My Greatest Fear

Post updated from last year on the last night I spent with my mother in 1996 before she passed away from cancer. The daily prompt, at that time, was to write about what you fear the most.

This post is dedicated to my mother and to all the people who have suffered a loss from cancer and those suffering the horrible ailment.

So much love and blessings to you all.

~S. Reed

Focal Breeze

You’re locked in a room with your greatest fear. Describe what’s in the room.


The door is ragged with a worn out knob. A knob that will not let me escape – no matter how bad I want to leave. I don’t want to face what’s behind me. I don’t want to turn around.

God, I don’t want to turn around to see what I fear the most.

You would think it’s a clown or a spider. No, those things aren’t what frighten me. I don’t like them but this is much worse than that.

I hear the sounds. Gasping for breath, stifled moans.  They send cold shivers down my spine and I turn the golden device frantically to open the door but it won’t open.

The room is dark save one single lamp.

I know what the room looks like inside my head and I don’t even have to look to…

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Free ebook today only!

“Love Just Is” will be my reading for today by Kate Murray. Thank you for making your work free today – Looking forward to reading your stories.  🙂

Kate Murray - Cleaver

Just a reminder – download it now!!!










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Getting Real: What it’s like to be an indie author

As I am working on my books, I completely concur with Amber Garza in this post. Three main myths she busts are spot on.
1.) You’re not a real author if you’re not with a publisher.
2.) Being an indie author is easy money.
3.) Indie authors sit around the house all day doing nothing.
The truth is if you want to do something, if you have a passion for something, you work hard at it. You think about it constantly and give it your all. It doesn’t matter if you want to be a writer, author, photographer, artist…..ANYTHING at all. If you want it bad enough and if you work hard enough, it will happen. It might take weeks, months, or years, but don’t give up.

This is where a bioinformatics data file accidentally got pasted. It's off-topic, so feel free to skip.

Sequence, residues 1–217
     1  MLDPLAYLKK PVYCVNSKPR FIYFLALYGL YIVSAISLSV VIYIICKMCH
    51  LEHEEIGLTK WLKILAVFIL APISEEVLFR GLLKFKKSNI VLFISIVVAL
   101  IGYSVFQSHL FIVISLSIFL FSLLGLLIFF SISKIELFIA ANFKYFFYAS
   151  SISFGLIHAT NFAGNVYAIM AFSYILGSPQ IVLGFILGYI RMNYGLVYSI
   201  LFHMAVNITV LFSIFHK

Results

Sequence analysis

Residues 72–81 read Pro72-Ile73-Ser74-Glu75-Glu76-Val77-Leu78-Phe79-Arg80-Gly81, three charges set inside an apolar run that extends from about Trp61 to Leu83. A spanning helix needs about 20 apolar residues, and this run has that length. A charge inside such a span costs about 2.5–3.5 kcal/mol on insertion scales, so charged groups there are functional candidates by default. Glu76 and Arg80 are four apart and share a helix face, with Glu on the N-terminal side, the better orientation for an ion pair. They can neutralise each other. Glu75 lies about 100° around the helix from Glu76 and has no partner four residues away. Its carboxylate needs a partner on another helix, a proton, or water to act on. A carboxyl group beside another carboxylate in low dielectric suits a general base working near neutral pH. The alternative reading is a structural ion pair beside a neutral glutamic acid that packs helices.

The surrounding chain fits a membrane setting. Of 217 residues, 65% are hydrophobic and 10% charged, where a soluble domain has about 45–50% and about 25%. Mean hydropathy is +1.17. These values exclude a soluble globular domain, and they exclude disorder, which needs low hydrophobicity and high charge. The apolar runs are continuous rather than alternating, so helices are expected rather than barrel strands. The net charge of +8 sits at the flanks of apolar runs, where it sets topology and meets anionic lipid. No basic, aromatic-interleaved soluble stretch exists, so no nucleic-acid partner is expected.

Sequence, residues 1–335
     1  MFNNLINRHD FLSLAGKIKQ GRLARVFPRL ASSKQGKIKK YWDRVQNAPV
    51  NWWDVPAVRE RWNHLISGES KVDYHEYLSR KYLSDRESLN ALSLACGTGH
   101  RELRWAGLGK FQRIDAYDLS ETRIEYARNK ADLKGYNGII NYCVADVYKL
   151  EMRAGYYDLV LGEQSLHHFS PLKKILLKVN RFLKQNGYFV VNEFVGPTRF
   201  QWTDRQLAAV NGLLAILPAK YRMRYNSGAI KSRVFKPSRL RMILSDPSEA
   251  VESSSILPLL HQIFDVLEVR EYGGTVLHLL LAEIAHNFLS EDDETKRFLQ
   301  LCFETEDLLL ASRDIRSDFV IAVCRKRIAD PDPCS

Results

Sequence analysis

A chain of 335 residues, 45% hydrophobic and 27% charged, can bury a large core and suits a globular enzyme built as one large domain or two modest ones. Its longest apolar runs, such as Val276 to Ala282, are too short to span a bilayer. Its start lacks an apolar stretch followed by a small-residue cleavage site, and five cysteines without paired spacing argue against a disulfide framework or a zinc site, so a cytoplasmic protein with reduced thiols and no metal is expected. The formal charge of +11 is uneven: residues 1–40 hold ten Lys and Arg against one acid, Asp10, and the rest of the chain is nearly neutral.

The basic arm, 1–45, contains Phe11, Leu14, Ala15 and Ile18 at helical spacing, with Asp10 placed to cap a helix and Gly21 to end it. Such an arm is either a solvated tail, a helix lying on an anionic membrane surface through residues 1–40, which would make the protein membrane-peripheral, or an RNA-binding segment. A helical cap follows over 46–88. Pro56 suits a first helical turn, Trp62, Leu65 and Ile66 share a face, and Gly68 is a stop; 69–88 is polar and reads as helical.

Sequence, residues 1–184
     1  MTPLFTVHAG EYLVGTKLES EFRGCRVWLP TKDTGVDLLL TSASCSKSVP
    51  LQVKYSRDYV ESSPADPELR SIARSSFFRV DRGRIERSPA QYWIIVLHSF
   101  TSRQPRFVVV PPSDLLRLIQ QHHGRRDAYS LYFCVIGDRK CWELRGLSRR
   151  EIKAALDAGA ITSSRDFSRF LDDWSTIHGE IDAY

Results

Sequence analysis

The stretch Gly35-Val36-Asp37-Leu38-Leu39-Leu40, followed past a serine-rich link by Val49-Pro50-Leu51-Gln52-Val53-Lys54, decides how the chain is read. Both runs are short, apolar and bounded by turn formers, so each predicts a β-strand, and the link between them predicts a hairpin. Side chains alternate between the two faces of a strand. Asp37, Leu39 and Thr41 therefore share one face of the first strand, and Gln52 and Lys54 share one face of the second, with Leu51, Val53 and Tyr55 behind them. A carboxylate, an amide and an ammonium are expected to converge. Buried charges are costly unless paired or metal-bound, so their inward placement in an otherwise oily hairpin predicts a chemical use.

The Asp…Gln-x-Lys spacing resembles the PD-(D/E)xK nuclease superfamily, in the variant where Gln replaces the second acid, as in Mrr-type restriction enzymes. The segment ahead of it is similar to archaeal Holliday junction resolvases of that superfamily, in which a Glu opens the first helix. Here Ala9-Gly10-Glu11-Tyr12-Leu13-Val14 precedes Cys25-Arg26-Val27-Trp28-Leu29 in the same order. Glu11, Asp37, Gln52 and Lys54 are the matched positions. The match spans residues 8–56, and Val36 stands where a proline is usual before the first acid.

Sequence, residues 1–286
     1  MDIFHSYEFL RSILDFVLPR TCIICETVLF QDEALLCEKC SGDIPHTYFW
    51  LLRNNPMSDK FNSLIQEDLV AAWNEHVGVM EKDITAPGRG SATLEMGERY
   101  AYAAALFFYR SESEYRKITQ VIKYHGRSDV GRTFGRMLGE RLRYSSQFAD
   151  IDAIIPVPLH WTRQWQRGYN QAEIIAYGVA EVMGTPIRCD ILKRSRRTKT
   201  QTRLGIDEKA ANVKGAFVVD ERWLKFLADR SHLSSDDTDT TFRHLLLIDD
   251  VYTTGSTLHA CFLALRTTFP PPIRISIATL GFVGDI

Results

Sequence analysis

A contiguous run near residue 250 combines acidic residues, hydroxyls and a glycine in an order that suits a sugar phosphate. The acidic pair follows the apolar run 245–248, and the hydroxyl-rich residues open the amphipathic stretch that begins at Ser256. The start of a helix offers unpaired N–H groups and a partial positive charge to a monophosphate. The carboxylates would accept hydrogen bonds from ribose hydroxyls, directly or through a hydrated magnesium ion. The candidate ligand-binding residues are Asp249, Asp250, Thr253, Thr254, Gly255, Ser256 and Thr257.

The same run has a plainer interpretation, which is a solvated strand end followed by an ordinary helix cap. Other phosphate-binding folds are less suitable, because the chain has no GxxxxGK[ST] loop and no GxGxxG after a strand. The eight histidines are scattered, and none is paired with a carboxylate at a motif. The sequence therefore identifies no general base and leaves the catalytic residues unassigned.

In fact, I’ve not been incredibly sociable as of late. I haven’t even updated my ‘social networking sites’ properly in over two weeks now because I’m writing out my chapters, reading over them, then editing that – changing this.
As Moody says in Harry Potter, constant vigilance !
I’ll try to come out of my writer’s den more often but until then, check out this particular blog. 🙂
Have a great week and much love!
~S. Reed

Amber Garza

I love the reaction I get when I tell people what I do. The avid readers are always fascinated with my job and ask lots of questions including where to find my books. Usually they will be looking me up on Amazon by the end of the conversation. The aspiring writers want to know all about the business – how much I make, how did I get started, what a typical day looks like, how do I come up with ideas, etc. Then there are the people who don’t read, don’t want to write and are clearly uncomfortable with the idea that someone chooses to sit at home and make up stories all day. They usually smile tensely and then find the nearest exit route. But inevitably one question will be asked almost every time I share my profession – “Who is your publisher?”  When I answer with “Me,” I…

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Fighting PTSD

We had our first access issue on 19 October, 2012. My husband and I had gone out for a date to one of our favorite restaurants. We had been there before with Chauncey without issue. It started when my husband and I entered through the patio and a waitress stopped us and said ‘no pets’. I calmly told her that Chauncey was not a pet, he was a service dog and by federal law he is allowed to accompany me. She obviously didn’t believe me, but told us we could take a seat anywhere. Our waitress brought us menus and got our drink orders just before one of the managers came out to our table with the same line “I’m sorry, we don’t allow pets”. Once again, I explained that Chauncey is not a pet; he is a service dog and tried to explain that he was allowed by federal…

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The Daily Post

Ah, the elusive comment. All bloggers know the joy of the comment notification, the disappointment of those posts where the “Leave a Comment” prompt never changes to a number. A good comment thread can elevate a lackluster post, and a bad one – one that’s full of in-fighting or self-promotion – can turn off new readers. I read some blogs for the comments alone. Certain bloggers have built communities of loyal commenters whose insightful and entertaining conversations are almost more fun than the posts themselves.

So how do you encourage good commenting on your site, and discourage bad behavior (or silence)? Here are some ideas:

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